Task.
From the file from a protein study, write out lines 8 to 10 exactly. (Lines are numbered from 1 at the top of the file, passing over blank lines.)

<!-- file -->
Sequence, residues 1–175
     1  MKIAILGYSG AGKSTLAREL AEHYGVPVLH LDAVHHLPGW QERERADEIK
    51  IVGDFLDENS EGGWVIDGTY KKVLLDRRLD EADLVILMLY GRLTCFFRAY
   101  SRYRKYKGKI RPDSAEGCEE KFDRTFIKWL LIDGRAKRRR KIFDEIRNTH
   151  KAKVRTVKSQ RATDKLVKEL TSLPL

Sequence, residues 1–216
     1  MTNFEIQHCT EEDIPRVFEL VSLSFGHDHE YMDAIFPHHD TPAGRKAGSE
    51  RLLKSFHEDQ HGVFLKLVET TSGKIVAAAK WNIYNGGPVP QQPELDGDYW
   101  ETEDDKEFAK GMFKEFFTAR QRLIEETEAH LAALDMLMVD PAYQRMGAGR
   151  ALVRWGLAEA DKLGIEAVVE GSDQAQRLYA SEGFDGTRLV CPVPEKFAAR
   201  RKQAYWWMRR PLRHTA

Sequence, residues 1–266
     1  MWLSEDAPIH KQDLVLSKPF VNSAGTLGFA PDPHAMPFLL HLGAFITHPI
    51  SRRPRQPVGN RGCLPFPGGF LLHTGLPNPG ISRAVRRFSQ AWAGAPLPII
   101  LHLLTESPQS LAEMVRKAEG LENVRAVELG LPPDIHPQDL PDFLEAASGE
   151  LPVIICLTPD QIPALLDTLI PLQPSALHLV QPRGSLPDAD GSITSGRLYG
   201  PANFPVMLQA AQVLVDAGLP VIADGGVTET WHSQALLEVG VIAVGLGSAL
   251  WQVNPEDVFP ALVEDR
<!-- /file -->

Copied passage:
    51  RLLKSFHEDQ HGVFLKLVET TSGKIVAAAK WNIYNGGPVP QQPELDGDYW
   101  ETEDDKEFAK GMFKEFFTAR QRLIEETEAH LAALDMLMVD PAYQRMGAGR
   151  ALVRWGLAEA DKLGIEAVVE GSDQAQRLYA SEGFDGTRLV CPVPEKFAAR